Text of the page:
About Andrew Gigacz

Well, here we are. The Bulldogs have won a flag. What do I do now?

Comments

  1. Gigs, if it makes you remember him, and the memories are good, I’d leave it.

  2. Thanks, Cookie. Geoff remains in my list, at least for now!

  3. Rick Kane says:

    Hi Gigs

    I wasn’t a fan of traditional memorials either. But more and more I sense their importance. It may be because every day I drive through Carlton past Melbourne cemetery. The more I drive past that magnificent estate the more I respect its relevance to the living even though I don’t think I know a single person buried in there.

    Our parents and brother’s ashes are scattered on a small bend in the Blackwood river (near Nannup in the south-west of WA. They all died far too early. The area is off the road and has become a sanctuary for family members. A place to reflect and rejoice. Memories are important, however we store them.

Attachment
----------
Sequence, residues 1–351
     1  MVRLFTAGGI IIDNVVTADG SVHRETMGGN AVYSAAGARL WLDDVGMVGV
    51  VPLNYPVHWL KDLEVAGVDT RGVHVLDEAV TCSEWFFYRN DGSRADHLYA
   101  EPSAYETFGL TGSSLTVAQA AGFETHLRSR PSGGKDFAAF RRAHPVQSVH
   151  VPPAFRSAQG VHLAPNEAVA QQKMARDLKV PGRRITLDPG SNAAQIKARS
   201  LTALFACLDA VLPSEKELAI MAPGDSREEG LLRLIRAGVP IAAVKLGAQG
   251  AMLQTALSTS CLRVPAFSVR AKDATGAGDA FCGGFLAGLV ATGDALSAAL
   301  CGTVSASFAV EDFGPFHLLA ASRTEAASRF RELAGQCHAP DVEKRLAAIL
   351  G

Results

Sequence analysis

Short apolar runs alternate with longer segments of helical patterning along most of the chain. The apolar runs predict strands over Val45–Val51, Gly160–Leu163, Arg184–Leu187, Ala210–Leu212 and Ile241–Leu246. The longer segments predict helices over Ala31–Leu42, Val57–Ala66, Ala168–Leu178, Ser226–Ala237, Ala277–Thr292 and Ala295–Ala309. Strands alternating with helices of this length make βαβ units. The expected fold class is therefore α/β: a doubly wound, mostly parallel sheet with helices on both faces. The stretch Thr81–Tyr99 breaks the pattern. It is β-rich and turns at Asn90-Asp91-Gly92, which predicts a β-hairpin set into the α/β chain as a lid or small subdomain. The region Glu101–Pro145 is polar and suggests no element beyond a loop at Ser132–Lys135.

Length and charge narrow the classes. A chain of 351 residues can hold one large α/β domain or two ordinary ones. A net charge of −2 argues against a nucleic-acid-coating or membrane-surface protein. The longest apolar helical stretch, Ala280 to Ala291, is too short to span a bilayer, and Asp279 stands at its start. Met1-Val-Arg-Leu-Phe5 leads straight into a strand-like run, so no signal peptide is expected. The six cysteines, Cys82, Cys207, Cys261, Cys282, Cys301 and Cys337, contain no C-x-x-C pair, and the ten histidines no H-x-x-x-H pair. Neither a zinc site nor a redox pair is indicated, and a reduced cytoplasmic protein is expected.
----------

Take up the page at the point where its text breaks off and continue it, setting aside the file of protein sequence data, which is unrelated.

I wouldn’t delete Geoff. I don’t think it’s morbid to keep it at all. And sadness is not necessarily a bad thing. I still have my brother’s number on my phone.

    Cheers

  4. Gigs

    Understand where you are coming from. Keep it and be sadly reminded, lose it and feel as though you are chucking him away, so to speak.

    I feel the same way with people who are still with us who I don’t need to contact or see anymore, so it must be hard when they are gone and you had that relationship.